On a quiet street in St. Paul, a group of as many as 30 women from all over the world live together in one building. The women have wildly different histories, but they all have one thing in common: Survivors of deep trauma, they came to this place to heal — and to learn to live independently in a new country.
A former convent for members of the Sisters of St. Joseph of Carondelet, the building is now known as Sarah’s … an Oasis for Women. First established in the mid-1990s as a temporary shelter for survivors of domestic violence, Sarah’s soon transitioned into a residence for female asylum seekers. Since its founding, the program has served more than 600 women from more than 70 nations. On June 9, the organization will celebrate its 25th anniversary with a virtual celebration, which will stand in for Sarah’s traditional annual fundraising breakfast.
Residents are usually referred to the program by refugee service agencies, including The Advocates for Human Rights, International Institute of Minnesota and the Center for Victims of Torture. They are provided with their own private room, food and cooking facilities, as well as community and connections to the social service agencies that will help them reunite with their families and build an independent life.
Cheryl Behrent, director of Sarah’s … an Oasis for Women, said that the home’s residents all struggle with the mental health impacts of their past lives. She explained that the women’s paths to the shelter include significant layers of trauma. One focus of residents’ time at Sarah’s is embarking on what may be a lifelong process of healing.
“The women here are survivors,” Behrent said. “They’ve experienced torture, trafficking, war, gender violence and exploitation in their home countries. When they leave their countries, they lose their connection to their families. They lose any resources and their sense of identity. They come into a new country where they have difficulties navigating systems, language, culture. They experience more trauma from that.”
Staff at Sarah’s take a trauma-informed approach to their work with residents, Behrent said. While they are not trained in psychotherapy, they are aware of residents’ difficult histories. They take an active-listening approach to their interactions, meaning that all conversations, even those that take place late at night, could potentially lead to emotional healing.
“We have schedules so that we are there at all times of day and evening when residents might be awake,” Behrent said. “All staff are active listeners. When things are happening in the women’s home country like a war or a pandemic, any time a resident wants to talk, a staff person is there to listen and say, ‘Do you want help? There are ways I can help you connect to services or fill out paperwork or support you so you learn how to do it.’”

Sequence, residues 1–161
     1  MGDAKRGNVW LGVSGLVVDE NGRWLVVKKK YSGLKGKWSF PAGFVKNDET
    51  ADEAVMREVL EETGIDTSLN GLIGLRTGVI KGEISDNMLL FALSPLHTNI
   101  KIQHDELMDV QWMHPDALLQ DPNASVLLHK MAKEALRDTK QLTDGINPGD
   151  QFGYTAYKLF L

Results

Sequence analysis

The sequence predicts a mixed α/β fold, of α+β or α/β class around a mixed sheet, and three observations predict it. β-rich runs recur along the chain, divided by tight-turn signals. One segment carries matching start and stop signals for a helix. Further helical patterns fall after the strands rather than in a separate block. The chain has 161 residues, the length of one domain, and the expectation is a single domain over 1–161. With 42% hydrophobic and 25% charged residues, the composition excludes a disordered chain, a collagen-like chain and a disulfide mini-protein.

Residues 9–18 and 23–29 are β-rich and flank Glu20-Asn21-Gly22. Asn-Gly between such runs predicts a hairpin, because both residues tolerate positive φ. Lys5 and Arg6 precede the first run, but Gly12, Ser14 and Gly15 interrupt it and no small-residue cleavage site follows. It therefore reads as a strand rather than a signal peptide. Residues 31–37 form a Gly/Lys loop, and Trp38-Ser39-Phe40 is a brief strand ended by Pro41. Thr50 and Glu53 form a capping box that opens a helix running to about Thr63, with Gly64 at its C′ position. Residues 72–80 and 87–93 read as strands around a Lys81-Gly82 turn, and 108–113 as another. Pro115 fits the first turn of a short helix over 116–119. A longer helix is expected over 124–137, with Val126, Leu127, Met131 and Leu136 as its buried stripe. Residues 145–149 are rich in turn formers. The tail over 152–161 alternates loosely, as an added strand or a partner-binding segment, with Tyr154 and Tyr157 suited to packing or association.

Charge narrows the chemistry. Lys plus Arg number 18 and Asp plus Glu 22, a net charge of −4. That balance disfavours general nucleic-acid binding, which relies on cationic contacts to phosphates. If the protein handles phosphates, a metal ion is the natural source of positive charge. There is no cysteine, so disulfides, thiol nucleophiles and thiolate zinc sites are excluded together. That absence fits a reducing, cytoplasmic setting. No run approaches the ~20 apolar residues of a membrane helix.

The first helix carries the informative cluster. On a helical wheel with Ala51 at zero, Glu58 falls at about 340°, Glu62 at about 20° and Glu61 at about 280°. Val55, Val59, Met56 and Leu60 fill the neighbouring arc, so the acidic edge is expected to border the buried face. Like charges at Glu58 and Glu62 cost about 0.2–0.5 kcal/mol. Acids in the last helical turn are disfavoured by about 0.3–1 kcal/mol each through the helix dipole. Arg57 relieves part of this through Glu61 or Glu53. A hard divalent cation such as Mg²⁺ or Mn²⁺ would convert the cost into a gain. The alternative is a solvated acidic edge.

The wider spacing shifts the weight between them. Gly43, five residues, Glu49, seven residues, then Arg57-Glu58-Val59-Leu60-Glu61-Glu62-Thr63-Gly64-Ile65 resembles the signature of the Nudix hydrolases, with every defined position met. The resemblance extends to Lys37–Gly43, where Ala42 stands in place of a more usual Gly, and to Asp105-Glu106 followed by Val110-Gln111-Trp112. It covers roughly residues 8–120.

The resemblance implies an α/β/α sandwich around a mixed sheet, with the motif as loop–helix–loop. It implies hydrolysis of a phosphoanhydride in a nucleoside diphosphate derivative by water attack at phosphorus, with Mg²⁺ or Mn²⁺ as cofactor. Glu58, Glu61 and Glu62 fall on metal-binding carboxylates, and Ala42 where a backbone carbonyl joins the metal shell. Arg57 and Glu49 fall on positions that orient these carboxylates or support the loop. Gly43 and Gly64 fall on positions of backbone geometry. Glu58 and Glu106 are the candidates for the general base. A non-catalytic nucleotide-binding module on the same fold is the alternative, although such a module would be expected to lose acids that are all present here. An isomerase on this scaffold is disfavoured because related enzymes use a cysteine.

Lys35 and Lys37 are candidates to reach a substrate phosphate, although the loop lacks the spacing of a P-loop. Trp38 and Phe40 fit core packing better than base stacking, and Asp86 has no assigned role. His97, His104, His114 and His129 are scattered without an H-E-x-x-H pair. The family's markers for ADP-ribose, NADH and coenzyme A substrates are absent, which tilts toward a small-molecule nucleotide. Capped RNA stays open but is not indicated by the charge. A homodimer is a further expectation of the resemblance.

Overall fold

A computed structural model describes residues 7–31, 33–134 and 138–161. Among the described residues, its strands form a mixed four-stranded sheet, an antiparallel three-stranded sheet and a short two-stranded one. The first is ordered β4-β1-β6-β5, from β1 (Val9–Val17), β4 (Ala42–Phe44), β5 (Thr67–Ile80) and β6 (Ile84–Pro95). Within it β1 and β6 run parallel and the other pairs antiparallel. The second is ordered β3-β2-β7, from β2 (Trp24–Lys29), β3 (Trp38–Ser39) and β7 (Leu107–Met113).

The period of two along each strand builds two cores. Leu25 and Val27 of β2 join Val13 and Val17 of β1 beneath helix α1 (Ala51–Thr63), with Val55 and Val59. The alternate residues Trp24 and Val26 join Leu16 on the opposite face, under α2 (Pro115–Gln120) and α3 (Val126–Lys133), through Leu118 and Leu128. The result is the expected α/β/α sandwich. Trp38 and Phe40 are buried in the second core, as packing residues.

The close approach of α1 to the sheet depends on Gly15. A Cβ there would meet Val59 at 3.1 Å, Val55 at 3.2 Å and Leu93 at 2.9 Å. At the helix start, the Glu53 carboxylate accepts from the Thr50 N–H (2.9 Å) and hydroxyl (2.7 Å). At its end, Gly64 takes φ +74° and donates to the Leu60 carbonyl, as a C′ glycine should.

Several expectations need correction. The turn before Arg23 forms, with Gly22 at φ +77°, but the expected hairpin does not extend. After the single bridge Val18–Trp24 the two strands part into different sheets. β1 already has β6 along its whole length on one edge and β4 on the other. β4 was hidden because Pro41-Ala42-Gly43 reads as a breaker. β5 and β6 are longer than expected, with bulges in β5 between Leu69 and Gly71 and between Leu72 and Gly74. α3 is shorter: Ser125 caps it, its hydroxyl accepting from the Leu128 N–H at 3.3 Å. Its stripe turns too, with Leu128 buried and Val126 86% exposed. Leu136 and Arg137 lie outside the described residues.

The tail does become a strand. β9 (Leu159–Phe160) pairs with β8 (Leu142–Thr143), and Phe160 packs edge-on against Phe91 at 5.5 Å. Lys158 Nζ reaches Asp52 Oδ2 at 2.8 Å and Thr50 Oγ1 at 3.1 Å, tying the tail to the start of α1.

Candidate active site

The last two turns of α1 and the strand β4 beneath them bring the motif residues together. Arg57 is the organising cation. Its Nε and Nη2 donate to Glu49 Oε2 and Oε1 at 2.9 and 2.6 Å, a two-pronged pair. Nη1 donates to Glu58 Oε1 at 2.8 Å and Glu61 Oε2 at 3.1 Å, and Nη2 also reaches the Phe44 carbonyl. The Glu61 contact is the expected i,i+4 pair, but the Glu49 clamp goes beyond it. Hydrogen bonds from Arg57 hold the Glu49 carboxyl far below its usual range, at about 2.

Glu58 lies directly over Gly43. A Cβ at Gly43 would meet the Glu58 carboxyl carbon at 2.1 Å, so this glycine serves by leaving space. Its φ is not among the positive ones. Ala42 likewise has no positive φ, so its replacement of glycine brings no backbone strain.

Sarah Brenes, director of refugee and immigrant programs for The Advocates for Human Rights, has referred many women to Sarah’s. “It is one of our first options for female clients who are isolated and struggle to find supportive housing,” she said. “Sarah’s offers a place to stay and a supportive community for women to keep a light of hope for their future while they walk through difficult times.”
She added that because most of her agency’s clients have “experienced trauma and even state-sponsored torture,” their time spent at Sarah’s, with its “strong female presence, support and collaboration, as well as being surrounded by others who may be struggling with their own histories of trauma, can be helpful in the healing process.”
Sarah’s small staff of five consider themselves more supporters than providers, Behrent said. “Our work is not so much to provide the mental health services, but we’re actively connecting and triaging to the services that are already out there. We’re not social workers. We’re helping residents to stay connected to the outside world, to connect with the professionals that can provide the services they need.”
Supported independence is the overarching goal at Sarah’s, said Household Coordinator Alondra Rojas-Duarte. Because they’ve lived such tumultuous lives, the women in the program often feel unmoored for years. By helping them find independence, Sarah’s is assisting residents as they build a strong foundation for their future.
“The way I like to think about it is we provide some of the tools,” Rojas-Duarte said. “They take on the individual responsibility, just like any of us would in our own space, and they just grow from there.”
Miriam Hauser is a social worker at the Center for Victims of Torture and a member of the Director’s Advisory Group at Sarah’s. Over the years, she’s referred many of her clients for housing at the nonprofit. She said that Sarah’s focus on helping women gain the skills necessary to build an independent life is key.
“Almost all of the women I’ve referred to Sarah’s come from situations in their own countries where they have worked to provide for themselves and their families,” she said. “Many were leaders in their communities, and then when they come here they are in a situation where they have to look to others for housing, transportation and food.”
Hauser said that building autonomy in their new country is essential for these women. Their time at Sarah’s helps them reach that goal: “It is a safe and secure base where they can work toward building toward an independent life.”
Time to heal
When Sarah’s was created, the idea was that the women who visited would only be there for a relatively short time.
“Sarah’s was never intended to be a long-term place,” Behrent said. At the beginning, she explained, the sisters were “thinking of the women as their guests. Some sisters still lived in the convent at the time. So the first women only lived with them for a few months.”
But, as the organization focused its attention on serving asylees, it became clear to staff and founders that their guests needed to stay longer.
“Survivors of torture need time,” Behrent said. Beyond needing time to heal from deep emotional wounds, the women, who largely come from developing nations, also need time to build the skills required for independent living in the United States: “They need time to develop a work history and a housing history and a credit history. They also need to find permanent housing and work on bringing their families to the U.S. It is a much longer process than it was for the women that we originally served.”